Parallel Universes

Two recent books examine the politiclization of migration in the news in Europe. It’s great to see different takes on this important topic, but having contributed to an earlier similar study with an extensive study of how the media report immigration, it struck me how much we’re working in parallel universes. The excellent REMINDER project managed to go 3 years without discovering the work by Van der Brug et al., the equally excellent TransSOL project did find it. Both H2020 projects start in 2015, after the so-called ‘refugee crisis’, whereas Van der Brug et all covered 1995 to 2009. Should we count this as a failure to publicize the work, or are we simply looking at parallel universes where each universe prolifically produces new knowledge…?

Cinalli, Manlio, Hans-Jörg Trenz, Verena K. Brändle, Olga Eisele, and Christian Lahusen. 2021. Solidarity in the Media and Public Contention over Refugees in Europe. Abingdon, Oxon ; New York : Routledge, 2021.

Strömbäck, Jesper, Christine E. Meltzer, Jakob-Moritz Eberl, Christian Schemer, and Hajo G. Boomgaarden. 2021. Media and Public Attitudes Toward Migration in Europe: A Comparative Approach. Routledge.

Van der Brug, Wouter, Gianni D’Amato, Joost Berkhout, and Didier Ruedin, eds. 2015. The Politicisation of Migration. Abingdon: Routledge.

Sociology of Migration in Switzerland: There is (of course) more…!

When we provided an account of the sociology of migration in Switzerland for the special issue in the Swiss Journal of Sociology, we were aware that we could not provide an exhaustive account. Space limitations do not allow this. Although we mentioned that “Given the profusion of research, our account will not be exhaustive and will invariably omit many important contributions.”, such a disclaimer never does justice to these who inadvertently are left out.

Heinz Bonfadelli was very kind to point out an excellent summary from the perspective of communication sciences, discussing amongst others the important role of Kurt Imhof at the University of Zurich. The focus of the chapter is on media representations, an important topic in sociology and communication sciences. With a more specific focus, the chapter can trace different thinking much more carefully.

Bonfadelli, Heinz, and Annelies Debrunner. 2019. ‘Migration und Medien – Ausländer und Minderheiten als Fremde’. Pp. 245–62 in Wandel der Öffentlichkeit und der Gesellschaft, edited by M. Eisenegger, L. Udris, and P. Ettinger. Wiesbaden: Springer Fachmedien Wiesbaden.

Chimienti, Milena, Claudio Bolzman, and Didier Ruedin. 2021. ‘The Sociology of Migration in Switzerland: Past, Present and Future’. Swiss Journal of Sociology 47(1):7–26. doi: https://doi.org/10.2478/sjs-2021-0004.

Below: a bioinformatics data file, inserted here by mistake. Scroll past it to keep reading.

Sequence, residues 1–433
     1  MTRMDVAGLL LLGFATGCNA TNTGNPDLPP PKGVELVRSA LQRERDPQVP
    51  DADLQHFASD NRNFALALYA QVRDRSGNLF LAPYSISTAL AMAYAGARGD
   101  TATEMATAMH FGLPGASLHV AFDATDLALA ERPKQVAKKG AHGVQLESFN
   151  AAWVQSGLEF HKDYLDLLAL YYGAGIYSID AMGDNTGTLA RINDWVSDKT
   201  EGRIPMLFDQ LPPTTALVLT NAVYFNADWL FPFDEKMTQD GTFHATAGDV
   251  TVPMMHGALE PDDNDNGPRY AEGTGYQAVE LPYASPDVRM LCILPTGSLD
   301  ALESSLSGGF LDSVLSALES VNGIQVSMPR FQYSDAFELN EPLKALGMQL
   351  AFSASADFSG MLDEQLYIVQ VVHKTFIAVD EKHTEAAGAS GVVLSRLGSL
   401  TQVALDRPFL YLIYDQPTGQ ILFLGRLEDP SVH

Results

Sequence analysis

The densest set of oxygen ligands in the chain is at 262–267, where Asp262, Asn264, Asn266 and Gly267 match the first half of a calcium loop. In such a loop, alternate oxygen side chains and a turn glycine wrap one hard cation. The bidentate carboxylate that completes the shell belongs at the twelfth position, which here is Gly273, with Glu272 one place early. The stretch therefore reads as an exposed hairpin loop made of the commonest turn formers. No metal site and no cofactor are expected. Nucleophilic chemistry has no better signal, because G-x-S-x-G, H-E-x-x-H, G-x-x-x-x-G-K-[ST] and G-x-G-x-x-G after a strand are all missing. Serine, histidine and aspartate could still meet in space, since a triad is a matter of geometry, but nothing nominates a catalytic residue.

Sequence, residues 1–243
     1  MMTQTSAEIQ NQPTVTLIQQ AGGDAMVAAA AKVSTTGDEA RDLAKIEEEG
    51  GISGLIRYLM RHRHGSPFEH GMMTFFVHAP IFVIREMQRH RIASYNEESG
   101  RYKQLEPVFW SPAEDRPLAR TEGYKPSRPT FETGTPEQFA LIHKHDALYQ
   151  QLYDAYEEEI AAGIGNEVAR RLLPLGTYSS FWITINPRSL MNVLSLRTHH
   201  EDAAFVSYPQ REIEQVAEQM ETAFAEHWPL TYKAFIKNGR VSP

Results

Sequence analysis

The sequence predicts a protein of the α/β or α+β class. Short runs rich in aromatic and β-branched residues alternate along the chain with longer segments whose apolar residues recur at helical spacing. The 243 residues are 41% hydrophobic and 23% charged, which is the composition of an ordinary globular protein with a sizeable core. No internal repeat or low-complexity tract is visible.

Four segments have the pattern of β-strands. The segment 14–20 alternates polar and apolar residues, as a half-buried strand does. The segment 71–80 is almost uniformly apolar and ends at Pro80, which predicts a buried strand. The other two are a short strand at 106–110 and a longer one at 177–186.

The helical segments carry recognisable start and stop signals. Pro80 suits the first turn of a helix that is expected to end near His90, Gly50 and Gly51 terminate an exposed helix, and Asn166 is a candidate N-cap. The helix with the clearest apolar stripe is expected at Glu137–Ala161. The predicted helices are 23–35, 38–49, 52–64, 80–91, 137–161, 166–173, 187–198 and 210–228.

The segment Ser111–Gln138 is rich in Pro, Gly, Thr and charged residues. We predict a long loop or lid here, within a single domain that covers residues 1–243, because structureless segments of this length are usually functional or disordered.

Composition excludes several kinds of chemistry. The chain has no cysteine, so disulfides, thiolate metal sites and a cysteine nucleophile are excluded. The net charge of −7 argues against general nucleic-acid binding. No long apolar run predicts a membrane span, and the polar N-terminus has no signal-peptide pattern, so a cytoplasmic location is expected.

Stuff we do here: TV report on discrimination (in French)

Here’s a short TV report on discrimination in the labour market in Switzerland, drawing on a field study by my (former) colleagues at Neuchâtel:

https://www.rts.ch/info/suisse/11003165-les-suisses-d-origine-etrangere-penalises-sur-le-marche-de-l-emploi.html (in French)

Swiss nationals of foreign origin have to send 30% more applications to get a job interview, according to a study by the University of Neuchâtel. Some communities are more affected, particularly people with family names from the Balkans.

Instant job! join us right now

Do you need an instant job? We’re looking for a postdoctoral research to help design research on construction of narratives of immigration, immigrants, and their impact. Content analysis, experiments, analysis of social media? 100% FTE, 5 months, available right now.

Now in print: Attitudes to immigrants in South Africa: personality and vulnerability

I’m happy to announce that my article on attitudes to immigrants/foreigners in South Africa has finally made it into print. Most of the academic literature on the topics focuses on the Western world; here I show that the same mechanisms seem to apply more generally.

Part of the motivation for this article is quite topical at the moment: the common view in South Africa that we cannot discern patterns in who is more opposed to immigrants, and the view that South Africa is somehow an exceptional case. Another motivation was to test the validity of the work we do on Western countries.

Heerden, Sjoerdje van, and Didier Ruedin. 2019. ‘How Attitudes towards Immigrants Are Shaped by Residential Context: The Role of Neighbourhood Dynamics, Immigrant Visibility, and Areal Attachment’. Urban Studies 56 (2): 317–334. https://doi.org/10.1177/0042098017732692.
Pecoraro, Marco, and Didier Ruedin. 2016. ‘A Foreigner Who Does Not Steal My Job: The Role of Unemployment Risk and Values in Attitudes toward Equal Opportunities’. International Migration Review 50 (3): 628–66. https://doi.org/10.1111/imre.12162.
Pecoraro, Marco, and Didier Ruedin. 2019. ‘Occupational Exposure to Foreigners and Attitudes towards Equal Opportunities’. Migration Studies. https://doi.org/10.1093/migration/mnz006.
Ruedin, Didier. 2019. ‘Attitudes to Immigrants in South Africa: Personality and Vulnerability’. Journal of Ethnic and Migration Studies 43 (7): 1108–26. https://doi.org/10.1080/1369183X.2018.1428086.